- Simply measure right out of the box
- No Calibration Required
- New! Flip Display for right-side-up viewing in any position. Video
- New! Built-in wrist strap
- Largest LCD on the market
- Works in all types of weather conditions
- Fast, accurate measurements
- Pocket-size for one hand operation
- Durable quality construction
- Approved by major Dealer Equipment Programs such as Toyota, GM, BMW, Nissan, Volvo, Mercedes-Benz, Hyundai and Volkswagen
- 2 Year Warranty
Gage Comes Complete with: built-in probe, wrist strap, plastic shims, hard shell storage case, AAA battery, instructions and two (2) year warranty.
Conforms to: ISO 2178/2360/2808, prEN ISO 19840, ASTM B244/B499/B659/D1186/D1400/D7091-05
E376/G12, BS3900-C5, SSPC-PA2 and others.
Certificate of Calibration traceable to NIST available.
Background on Automotive Detailing
What is Detailing?
Detailing as it relates to paint thickness measurement, is the systematic cleaning, rejuvenating and protecting of the exterior painted surfaces of a vehicle. The primary purpose for paint detailing is to retain the appearance of newer vehicles or to revitalize older neglected vehicles.
Cleaning is a preparatory step intended to remove dirt, dust, and other loose contaminants in order to allow full inspection of current paint conditions. Rejuvenation refers to the processes used to return a vehicle to its original showroom condition. The extent of rejuvenation is dependent on the customer’s expectations. Protection refers to the maintenance processes such as waxing that are used to keep the vehicle looking new for as long as possible after detailing.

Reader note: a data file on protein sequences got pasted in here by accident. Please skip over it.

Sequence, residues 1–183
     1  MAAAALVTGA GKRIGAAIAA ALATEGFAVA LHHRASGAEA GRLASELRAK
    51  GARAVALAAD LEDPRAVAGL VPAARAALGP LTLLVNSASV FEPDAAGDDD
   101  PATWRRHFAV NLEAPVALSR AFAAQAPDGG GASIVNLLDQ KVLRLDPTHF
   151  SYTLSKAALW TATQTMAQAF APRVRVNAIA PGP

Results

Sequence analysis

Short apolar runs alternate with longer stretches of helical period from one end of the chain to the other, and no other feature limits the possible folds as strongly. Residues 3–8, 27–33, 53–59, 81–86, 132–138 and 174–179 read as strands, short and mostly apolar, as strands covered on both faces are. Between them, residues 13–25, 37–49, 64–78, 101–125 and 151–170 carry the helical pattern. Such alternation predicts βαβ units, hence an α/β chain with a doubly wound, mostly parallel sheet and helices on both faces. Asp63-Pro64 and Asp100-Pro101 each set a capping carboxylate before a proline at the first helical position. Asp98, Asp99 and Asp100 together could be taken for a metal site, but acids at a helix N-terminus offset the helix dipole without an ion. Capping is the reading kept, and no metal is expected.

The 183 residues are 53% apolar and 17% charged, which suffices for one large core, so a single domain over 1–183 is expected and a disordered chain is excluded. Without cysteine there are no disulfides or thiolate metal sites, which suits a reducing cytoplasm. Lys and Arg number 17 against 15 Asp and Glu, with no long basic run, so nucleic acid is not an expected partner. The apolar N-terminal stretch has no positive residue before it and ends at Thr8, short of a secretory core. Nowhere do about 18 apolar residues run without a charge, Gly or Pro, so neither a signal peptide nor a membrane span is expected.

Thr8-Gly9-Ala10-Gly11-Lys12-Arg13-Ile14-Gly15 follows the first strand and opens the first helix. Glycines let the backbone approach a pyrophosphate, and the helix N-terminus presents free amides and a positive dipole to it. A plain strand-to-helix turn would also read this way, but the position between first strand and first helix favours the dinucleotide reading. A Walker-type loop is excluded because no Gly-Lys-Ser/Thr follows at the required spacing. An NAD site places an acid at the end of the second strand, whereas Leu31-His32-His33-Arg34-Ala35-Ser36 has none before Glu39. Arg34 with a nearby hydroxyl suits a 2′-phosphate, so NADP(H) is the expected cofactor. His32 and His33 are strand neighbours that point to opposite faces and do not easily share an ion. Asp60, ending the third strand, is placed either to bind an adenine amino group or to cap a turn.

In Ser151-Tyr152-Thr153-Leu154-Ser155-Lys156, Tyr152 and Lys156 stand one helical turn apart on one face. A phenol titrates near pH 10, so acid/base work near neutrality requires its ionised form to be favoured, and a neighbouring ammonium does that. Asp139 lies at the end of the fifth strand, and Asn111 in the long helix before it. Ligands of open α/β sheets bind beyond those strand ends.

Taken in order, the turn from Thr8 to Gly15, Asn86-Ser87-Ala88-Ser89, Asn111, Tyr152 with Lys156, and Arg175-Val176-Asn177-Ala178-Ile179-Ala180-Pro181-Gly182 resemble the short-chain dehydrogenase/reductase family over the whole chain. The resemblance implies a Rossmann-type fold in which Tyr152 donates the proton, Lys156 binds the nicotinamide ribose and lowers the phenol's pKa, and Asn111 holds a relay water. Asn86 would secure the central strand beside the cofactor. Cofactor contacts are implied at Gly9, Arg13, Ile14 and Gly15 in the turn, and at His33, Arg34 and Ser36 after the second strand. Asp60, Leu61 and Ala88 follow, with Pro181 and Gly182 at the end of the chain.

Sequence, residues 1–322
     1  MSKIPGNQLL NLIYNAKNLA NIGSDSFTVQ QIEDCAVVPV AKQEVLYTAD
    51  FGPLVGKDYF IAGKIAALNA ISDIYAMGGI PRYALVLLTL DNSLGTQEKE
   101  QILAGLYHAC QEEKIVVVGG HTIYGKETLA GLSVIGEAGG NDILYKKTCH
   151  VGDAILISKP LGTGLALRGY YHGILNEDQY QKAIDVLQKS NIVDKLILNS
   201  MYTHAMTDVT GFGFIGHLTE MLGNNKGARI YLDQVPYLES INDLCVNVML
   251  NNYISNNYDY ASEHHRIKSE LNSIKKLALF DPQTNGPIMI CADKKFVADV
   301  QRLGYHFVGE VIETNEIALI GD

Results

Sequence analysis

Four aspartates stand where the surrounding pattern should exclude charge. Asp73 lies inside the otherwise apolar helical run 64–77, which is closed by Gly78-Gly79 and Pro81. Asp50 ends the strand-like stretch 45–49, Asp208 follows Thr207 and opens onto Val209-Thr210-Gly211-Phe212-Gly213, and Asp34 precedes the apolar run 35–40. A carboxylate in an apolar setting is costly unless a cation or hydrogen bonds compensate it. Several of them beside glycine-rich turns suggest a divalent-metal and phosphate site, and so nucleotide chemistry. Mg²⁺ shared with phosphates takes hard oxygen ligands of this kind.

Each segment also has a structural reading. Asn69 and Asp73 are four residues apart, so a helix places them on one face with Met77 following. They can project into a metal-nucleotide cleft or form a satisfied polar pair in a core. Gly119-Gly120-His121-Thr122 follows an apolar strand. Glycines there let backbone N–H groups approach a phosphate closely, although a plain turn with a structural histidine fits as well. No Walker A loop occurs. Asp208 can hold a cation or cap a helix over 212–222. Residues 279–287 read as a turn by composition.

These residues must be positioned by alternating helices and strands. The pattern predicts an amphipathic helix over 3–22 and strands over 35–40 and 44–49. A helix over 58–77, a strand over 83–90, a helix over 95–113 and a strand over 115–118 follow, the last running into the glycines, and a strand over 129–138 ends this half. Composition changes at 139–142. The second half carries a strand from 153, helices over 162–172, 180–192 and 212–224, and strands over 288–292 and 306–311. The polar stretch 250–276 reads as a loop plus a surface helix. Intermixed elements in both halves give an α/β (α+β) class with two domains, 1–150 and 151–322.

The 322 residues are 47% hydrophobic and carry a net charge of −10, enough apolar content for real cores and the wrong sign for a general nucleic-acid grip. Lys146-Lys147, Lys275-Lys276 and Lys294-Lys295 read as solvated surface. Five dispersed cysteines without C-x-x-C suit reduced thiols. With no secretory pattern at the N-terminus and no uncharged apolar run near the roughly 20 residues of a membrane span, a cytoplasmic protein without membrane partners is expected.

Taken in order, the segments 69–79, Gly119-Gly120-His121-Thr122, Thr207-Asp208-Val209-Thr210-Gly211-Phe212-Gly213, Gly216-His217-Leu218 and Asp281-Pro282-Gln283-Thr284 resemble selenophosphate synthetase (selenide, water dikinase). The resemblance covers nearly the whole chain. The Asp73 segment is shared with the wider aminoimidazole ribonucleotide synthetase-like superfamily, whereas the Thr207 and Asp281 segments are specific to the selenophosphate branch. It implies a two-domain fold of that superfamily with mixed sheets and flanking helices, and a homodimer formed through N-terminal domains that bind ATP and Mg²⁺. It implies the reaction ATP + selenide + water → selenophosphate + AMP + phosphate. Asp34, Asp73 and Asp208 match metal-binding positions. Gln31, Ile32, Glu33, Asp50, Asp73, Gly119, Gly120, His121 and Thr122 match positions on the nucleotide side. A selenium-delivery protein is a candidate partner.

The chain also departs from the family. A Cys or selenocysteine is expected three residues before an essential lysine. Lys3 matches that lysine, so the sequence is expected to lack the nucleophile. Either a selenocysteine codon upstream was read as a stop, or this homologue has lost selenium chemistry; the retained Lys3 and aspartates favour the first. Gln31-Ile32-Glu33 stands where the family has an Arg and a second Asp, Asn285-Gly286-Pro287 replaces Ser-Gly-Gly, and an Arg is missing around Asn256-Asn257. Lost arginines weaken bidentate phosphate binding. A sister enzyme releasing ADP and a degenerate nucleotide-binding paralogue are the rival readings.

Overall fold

Simple washing and waxing will not remove many types of surface paint damage, a rejuvenation step (polishing with an orbit or more effective high speed polisher) is added before the waxing step. When rejuvenation is required, detailers often polish the top clear coat layer of automotive paints to remove surface damage such as fine scratches, scuffs, swirl marks, oxidation, stains, paint overspray, tar, tree sap, acid rain or water spots. This polishing process is often referred to as finessing. Extensive paint problems may require the use of several sanding and buffing steps to bring the paint back closer to its original beauty.
Automotive manufacturers typically use one of two main types of paint systems in their vehicles. The most common used today is a clear coat system in which a thin layer of color is applied, followed by multiple layers of clear non-pigmented paint. Used less frequently today is a single-stage paint system that consists of the application of multiple layers of pigmented paint. Since most detailing chemicals are designed to work on both paint systems, the paint detailing process does not significantly change based upon the type of paint system.
To ensure consumer value and thus maintain profitability, there are two main considerations when justifying equipment and processes involved in the detailing process. Any added cost must result in improvements in either efficiency or effectiveness. While it could be argued that a detailer’s ability to take quick readings with a paint thickness gauge in order to determine the remaining paint thickness is an efficiency benefit, the primary benefit is the increase in effectiveness.